The Best Spots to Camp on Florida’s New Wildlife Corridor

This spring, a surprising bit of nature news hit my ears from the warm weather mecca of Florida. In a rare bill that made it through the state’s legislature with unanimous support, lawmakers voted to designate and provide funds for the Florida Wildlife Corridor. This 17-million-acre conservation project is working to connect habitat from the Everglades all the way up to the borders of Georgia and Alabama for species like the elusive Florida Panther, Florida black bear, Leatherback turtle, and Whooping Cranes.

Alligator submerged in a lake surrounded by vegetation.
DuPuis Campground | Indiantown, FL – Photo by: Opentotheroad

While the protected areas—both current and proposed—are a mix of public and private land, many of them are open to the public for hiking, paddling, biking, and camping through the heart of the sunshine state. According to the Florida Wildlife Corridor organization, 992 named rivers and streams cross the Corridor with 1,150 miles of designated paddling trails. The Corridor is also home to 920 miles of the non-motorized Florida National Scenic Trail.

Ready to explore the wild side of Florida that many never see? Here are the best spots to camp along the Florida Wildlife Corridor.

Two RVs parked in the forest
Long Pine Key Campground | Ingraham, FL

Long Pine Key Campground, Everglades

Everglades National Park is the southern anchor of the Florida Wildlife Corridor and home to a lot of charismatic wildlife, from birds to crocodiles to the Florida panther (if you’re lucky enough to catch a glimpse of one). Long Pine Key campground is a favorite within the park’s borders, with clean bathrooms and showers, spacious campsites, and a central location that makes it easy to access all of the Everglades’ trails and overlooks.

Shiny Airstream and truck with kayak on top parked in a green field.
DuPuis Campground | Indiantown, FL – Photo by: WatsonsWander

DuPuis Campground, Indiantown

Located to the east of Lake Okeechobee along the St. Lucie Canal, DuPuis Campground is a beloved free camping area managed by the South Florida Water Management District. Arrive early in the day to snag one of the sixteen campsites located in a field dotted with leafy trees. While there, explore the DuPuis Preserve’s miles of hiking and horseback trails and head out at night to catch a glimpse of the dark skies overhead. A camping permit is required (learn more about free camping in Florida’s Water Management Districts).

Class A parked in an RV spot surrounded by palm trees
The Great Outdoors RV, Nature & Gold Resort | Titusville, FL – Photo by: Vin M

The Great Outdoors RV, Nature & Golf Resort, Titusville

If full amenities and excellent access to nature is what you’re after, take a look at The Great Outdoors RV, Nature & Golf Resort in Titusville. Centrally located to the St. Johns National Wildlife Refuge, St. Johns River, and the Tosohatchee Wildlife Management Area, this massive RV park has spacious paved sites, two pools, a golf course, multiple restaurants, and a quiet, welcoming vibe. It’s also a stone’s throw from the Kennedy Space Center if you’re interested in more celestial pursuits.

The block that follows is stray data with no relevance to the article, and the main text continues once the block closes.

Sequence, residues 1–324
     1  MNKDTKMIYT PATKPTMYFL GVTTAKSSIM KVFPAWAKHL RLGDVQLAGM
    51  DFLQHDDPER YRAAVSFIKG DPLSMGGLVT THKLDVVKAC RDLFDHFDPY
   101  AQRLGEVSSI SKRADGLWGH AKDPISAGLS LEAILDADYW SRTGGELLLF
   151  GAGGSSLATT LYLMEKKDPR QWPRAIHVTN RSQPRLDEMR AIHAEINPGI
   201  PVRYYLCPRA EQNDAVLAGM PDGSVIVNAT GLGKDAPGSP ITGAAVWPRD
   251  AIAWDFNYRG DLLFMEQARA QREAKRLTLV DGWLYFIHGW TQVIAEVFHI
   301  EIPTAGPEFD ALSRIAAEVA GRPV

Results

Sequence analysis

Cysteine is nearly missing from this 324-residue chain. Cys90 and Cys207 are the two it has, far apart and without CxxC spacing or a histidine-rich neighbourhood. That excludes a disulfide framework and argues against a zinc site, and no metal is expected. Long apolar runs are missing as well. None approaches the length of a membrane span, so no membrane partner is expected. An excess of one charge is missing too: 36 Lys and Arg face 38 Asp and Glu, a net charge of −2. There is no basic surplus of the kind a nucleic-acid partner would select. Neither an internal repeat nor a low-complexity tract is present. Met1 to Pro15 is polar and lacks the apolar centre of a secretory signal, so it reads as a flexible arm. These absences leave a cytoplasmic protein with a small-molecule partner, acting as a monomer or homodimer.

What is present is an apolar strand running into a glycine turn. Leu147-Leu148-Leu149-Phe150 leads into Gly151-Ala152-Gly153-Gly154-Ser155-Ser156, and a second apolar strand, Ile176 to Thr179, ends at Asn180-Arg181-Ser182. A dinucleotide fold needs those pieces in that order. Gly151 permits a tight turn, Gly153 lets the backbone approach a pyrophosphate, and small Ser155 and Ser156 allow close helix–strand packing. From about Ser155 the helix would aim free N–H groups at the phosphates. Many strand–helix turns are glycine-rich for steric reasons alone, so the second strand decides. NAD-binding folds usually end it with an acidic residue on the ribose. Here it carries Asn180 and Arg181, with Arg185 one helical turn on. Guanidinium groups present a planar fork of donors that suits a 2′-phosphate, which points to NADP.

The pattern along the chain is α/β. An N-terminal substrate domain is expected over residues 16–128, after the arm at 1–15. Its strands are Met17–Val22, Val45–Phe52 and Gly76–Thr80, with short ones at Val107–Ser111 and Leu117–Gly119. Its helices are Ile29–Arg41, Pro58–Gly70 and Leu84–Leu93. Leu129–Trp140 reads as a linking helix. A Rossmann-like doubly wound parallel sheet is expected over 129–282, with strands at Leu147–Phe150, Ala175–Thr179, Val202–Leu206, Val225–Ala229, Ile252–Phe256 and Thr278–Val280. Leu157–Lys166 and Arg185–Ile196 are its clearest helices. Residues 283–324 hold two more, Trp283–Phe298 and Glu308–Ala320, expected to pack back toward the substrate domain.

Large field with trees and picnic tables.
Shangri-La Trailhead & Campground | Ocala, FL – Photo by: Wandering Pulse

Shangri-La Trailhead & Campground, Ocala

The Marjorie Harris Carr Cross Florida Greenway is a 110-mile linear state park that runs from the Gulf of Mexico to the St. Johns River. Following an abandoned barge canal path, the park has over 300 miles of trails for biking, hiking, paddling, and horseback riding. It’s also a major wildlife corridor, helping connect black bears and other animals to their habitats. The park’s Shangri-La Trailhead & Campground offers access to the greenway with well-spaced sites and strong cell signals if you need to get in a bit of work.

RV parked under trees next to a black top road.
Suwannee River State Park | Live Oak, FL

Suwannee River State Park, Live Oak

Close to the Florida-Georgia border runs the Suwannee River, a blackwater river that is perfect for paddling, fishing, and birdwatching. Suwannee River State Park offers dirt-pad campsites tucked into the trees, with beautiful riverside trails and access to historic sites, including two ghost towns. Canoe and kayak rentals are available nearby to ply the waters of the quiet and calm Suwannee.

Pink sand and ocean
St. George Island State Park | Eastpoint, FL – Photo by: Island Girl Walkabout

St. George Island State Park, Eastpoint

Located on a barrier island in Apalachicola Bay, tiny St. George Island State Park is part of the Florida Wildlife Corridor, too. Enjoy sandy days along the beach and nights with some of the best stargazing in the area. The campground has sites tucked into the shady pines and is a quick 1/4 mile to the beach. The island features undeveloped beaches and bayside marshes, where you can spot sea turtles, shorebirds, and dolphins out in the Gulf of Mexico.

Lake with beaches surrounded by trees.
North Hurricane Lake Recreation Area | Baker, FL – Photo by: Bonnie & Dawn

North Hurricane Lake Recreation Area, Baker

In the far northwestern corner of the Florida Wildlife Corridor, near the Alabama border, lies the Blackwater River State Forest. Filled with gorgeous longleaf pines, the forest surrounds the 30-mile Blackwater River and is a favorite destination for those seeking quiet, primitive recreation near the Gulf Coast. North Hurricane Lake Recreation Area offers 18 campsites for RVs and tents along the shore of Hurricane Lake. This reservable campground features easy access to the Florida National Scenic Trail and has waterfront sites.

Looking for more camping options in Florida? Check out The Best RV Parks, Resorts, and Campgrounds in Florida, the Best RV Parks and Campgrounds in the Florida Keys, and Free Camping in Florida.